Race breakdown: President

The race for next year’s president of the AMS is divided between an ambitious activist, an AMS insider and a joke candidate who looks strikingly like V from V for Vendetta.

Fourth-year political science and economics student Cheneil Antony-Hale founded UBC’s Feminist Club and worked as a marine mammal and seabird observer aboard ships for the past few summers. While she does not have the same background at the society as Aaron Bailey, Antony-Hale thinks that a new face for the AMS could work to its advantage.

"I will admit that having less experience than Aaron within the AMS will mean there's a learning curve, definitely," said Antony-Hale. "But I also think the fact that I haven't been consumed by the AMS for a really long time means that I'm much more connected to the general student population and I'm much more aware of what people care strongly about without having their views, their needs, their wants, their experiences tampered by the fact that I think 'well, you know, it might be a little difficult to get this through, so I'm not going to try.'"

Antony-Hale’s campaign focuses on many issues around campus. Specifically, she hopes to push for legal protection for students in UBC housing, instate mandatory sexual assault training for residence advisors, increase funding for Aboriginal students on campus, establish a resource centre run by and for students with disabilities and add more student seats to the Board of Governors.

She would also like to focus on environmental sustainability within the society and continue the governance review.

According to Antony-Hale, the presidential role would help her push for the relevance of these projects to both the university and her executive team.

“I know they are all really ambitious, daunting goals and a lot of people would be unwilling to take those things on because it would require a lot of work,” said Antony-Hale. “But I know that a lot of candidates right now, they’re very ambitious people and they are very aware of the current circumstances on campus and the current things that need to be changed.”

During his time at UBC, fourth-year Science student Aaron Bailey served as president of the SUS last year, sat on the UBC senate, worked on the microbrewery project and sat on the AMS Council for the last two years. His campaign platform centres around putting students first and putting himself out there to listen to their concerns.

“The AMS as a society kind of takes itself a little bit too seriously within the executive offices,” said Bailey. “As such, I find that approach really puts up a barrier between students engaging with us on a personal level and what we could be doing to promote the services and the fantastic stuff the AMS does for students.”

If elected, Bailey promises to go to at least one student-led event a week and engage with students about the projects that the AMS is current working on. He also hopes to hold public office hours in between both students and AMS and UBC executives in the new SUB in order to have conversations about campus concerns.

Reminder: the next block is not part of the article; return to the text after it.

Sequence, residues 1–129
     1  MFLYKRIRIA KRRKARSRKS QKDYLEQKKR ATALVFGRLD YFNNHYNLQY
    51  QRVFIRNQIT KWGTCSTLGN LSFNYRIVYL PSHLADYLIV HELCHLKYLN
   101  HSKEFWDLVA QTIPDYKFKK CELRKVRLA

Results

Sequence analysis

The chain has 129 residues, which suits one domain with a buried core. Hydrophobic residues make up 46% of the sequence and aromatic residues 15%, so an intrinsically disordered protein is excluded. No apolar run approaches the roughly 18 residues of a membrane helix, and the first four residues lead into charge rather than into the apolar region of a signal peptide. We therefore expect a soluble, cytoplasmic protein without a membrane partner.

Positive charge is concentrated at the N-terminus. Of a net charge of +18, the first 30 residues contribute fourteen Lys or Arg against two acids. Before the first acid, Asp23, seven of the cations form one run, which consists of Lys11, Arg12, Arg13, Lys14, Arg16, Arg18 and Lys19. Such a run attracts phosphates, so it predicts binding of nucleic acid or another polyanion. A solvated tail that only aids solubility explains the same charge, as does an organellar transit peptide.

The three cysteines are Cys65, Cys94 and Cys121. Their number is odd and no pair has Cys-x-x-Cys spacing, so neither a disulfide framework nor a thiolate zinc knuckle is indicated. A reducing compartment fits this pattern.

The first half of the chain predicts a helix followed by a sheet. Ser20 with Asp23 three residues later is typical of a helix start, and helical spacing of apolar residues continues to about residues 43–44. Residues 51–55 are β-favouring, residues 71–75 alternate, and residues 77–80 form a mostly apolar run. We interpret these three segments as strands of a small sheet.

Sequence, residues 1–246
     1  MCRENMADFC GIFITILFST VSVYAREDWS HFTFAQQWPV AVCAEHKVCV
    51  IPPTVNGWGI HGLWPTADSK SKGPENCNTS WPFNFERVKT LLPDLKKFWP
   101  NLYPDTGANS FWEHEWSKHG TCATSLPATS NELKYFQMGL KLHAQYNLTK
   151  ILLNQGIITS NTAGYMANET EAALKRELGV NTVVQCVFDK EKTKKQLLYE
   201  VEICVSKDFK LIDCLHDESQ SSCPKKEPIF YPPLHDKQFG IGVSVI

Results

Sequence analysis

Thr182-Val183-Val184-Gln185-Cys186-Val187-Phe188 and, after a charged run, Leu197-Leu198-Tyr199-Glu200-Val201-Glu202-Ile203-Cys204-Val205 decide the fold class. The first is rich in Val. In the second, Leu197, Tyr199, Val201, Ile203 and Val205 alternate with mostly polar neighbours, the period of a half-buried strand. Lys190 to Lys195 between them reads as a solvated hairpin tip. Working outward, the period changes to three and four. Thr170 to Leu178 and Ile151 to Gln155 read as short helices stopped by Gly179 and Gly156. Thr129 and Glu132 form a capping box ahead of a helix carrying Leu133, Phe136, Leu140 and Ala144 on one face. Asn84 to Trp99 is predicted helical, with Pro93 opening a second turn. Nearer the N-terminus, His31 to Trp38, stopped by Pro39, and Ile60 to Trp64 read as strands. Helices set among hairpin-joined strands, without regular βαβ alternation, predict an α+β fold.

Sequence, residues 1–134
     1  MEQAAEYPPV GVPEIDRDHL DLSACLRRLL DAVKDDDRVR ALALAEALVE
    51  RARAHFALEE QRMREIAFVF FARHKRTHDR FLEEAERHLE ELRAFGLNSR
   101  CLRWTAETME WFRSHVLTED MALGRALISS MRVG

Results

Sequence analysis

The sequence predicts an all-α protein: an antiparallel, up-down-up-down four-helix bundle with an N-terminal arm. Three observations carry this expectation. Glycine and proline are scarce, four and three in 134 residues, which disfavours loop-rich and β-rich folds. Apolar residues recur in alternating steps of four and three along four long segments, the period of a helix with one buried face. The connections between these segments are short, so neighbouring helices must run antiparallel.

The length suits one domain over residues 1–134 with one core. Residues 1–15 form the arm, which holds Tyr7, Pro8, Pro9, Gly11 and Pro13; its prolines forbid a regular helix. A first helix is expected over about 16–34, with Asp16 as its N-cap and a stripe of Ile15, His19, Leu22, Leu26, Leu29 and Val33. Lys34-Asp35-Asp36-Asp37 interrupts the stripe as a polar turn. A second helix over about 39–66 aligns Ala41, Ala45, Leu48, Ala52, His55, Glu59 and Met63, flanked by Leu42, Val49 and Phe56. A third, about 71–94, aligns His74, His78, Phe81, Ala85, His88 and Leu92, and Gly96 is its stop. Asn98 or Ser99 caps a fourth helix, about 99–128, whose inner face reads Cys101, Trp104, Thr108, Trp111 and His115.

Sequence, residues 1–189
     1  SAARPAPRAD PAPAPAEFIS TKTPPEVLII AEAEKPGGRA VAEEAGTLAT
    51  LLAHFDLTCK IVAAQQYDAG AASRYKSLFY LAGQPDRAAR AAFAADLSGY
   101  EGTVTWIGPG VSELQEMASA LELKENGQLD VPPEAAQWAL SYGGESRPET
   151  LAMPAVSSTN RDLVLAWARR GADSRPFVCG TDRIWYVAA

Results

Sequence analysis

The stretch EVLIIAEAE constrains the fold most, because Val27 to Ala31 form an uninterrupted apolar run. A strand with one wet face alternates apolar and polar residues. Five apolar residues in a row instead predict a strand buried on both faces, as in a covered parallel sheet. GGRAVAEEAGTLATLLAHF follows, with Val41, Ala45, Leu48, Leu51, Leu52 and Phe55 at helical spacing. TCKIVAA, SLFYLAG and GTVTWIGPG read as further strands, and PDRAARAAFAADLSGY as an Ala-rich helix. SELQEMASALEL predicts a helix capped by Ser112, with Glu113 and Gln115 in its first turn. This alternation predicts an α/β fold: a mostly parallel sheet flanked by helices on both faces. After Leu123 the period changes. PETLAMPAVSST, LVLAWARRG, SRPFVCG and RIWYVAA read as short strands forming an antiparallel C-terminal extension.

Bailey also said that, as the president’s role is one that focuses on overseeing and managing the other executives, he hopes to use his time as president to help the executive team achieve their projects and make the AMS interesting to students rather than push forth his own ideas.

“My focus on my own projects are only things that are extraneous to their portfolios because it doesn’t make sense to micromanage your team especially if you have really confident, competent people in those positions,” said Bailey.

That said, Bailey also hopes to expand Block Party, use the funds that were gained from the sale of the Whistler Lodge to create a transit service from UBC to Whistler and continuing the governance review that current president Tanner Bokor started this year.

V chose not to reveal much about his identity, as he feels a strong need to protect it.

"Who is but the form following the function of what I am as a man in a mask," said V. "I mean, you can see that I'm not questioning your power of observation, I'm merely remarking upon the paradox of asking a masked man to reveal his identity."

According to V, total anarchy is the best option for running the AMS and the best way to achieve this is to organize a series of Hunger Game-style fights to decide who will reign supreme and receive all the best parts of the new SUB. As such, the current AMS Council and governing structure is only an obstacle in the way of his master plan.

"All these candidates are missing the point," said V. "What we need is not more government, what we have is the fact that the AMS has been promising their student body to open up the new SUB for months and months without any real results. Ideas, just by itself, doesn't change things. We need true action and true action comes from anarchy, by everyone standing up for themselves and actually doing the things that they say they are going to do rather than electing a body of people to represent them and take the freedom away from them and then not open the new SUB."